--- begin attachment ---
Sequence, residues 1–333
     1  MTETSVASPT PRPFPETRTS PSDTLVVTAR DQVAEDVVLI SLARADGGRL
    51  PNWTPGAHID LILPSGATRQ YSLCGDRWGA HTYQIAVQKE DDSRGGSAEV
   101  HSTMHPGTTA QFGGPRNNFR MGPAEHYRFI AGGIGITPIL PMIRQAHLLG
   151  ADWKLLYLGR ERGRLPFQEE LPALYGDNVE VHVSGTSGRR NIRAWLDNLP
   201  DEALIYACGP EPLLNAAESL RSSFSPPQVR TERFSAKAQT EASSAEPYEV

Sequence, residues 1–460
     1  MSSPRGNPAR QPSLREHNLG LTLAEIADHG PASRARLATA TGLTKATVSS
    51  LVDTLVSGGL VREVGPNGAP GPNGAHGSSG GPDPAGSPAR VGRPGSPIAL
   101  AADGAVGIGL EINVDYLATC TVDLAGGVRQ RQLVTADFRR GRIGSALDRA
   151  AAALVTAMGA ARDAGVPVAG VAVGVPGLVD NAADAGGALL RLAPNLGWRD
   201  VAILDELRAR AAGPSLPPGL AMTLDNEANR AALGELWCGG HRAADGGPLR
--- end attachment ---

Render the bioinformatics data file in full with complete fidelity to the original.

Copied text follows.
Sequence, residues 1–333
     1  MTETSVASPT PRPFPETRTS PSDTLVVTAR DQVAEDVVLI SLARADGGRL
    51  PNWTPGAHID LILPSGATRQ YSLCGDRWGA HTYQIAVQKE DDSRGGSAEV
   101  HSTMHPGTTA QFGGPRNNFR MGPAEHYRFI AGGIGITPIL PMIRQAHLLG
   151  ADWKLLYLGR ERGRLPFQEE LPALYGDNVE VHVSGTSGRR NIRAWLDNLP
   201  DEALIYACGP EPLLNAAESL RSSFSPPQVR TERFSAKAQT EASSAEPYEV

Sequence, residues 1–460
     1  MSSPRGNPAR QPSLREHNLG LTLAEIADHG PASRARLATA TGLTKATVSS
    51  LVDTLVSGGL VREVGPNGAP GPNGAHGSSG GPDPAGSPAR VGRPGSPIAL
   101  AADGAVGIGL EINVDYLATC TVDLAGGVRQ RQLVTADFRR GRIGSALDRA
   151  AAALVTAMGA ARDAGVPVAG VAVGVPGLVD NAADAGGALL RLAPNLGWRD
   201  VAILDELRAR AAGPSLPPGL AMTLDNEANR AALGELWCGG HRAADGGPLR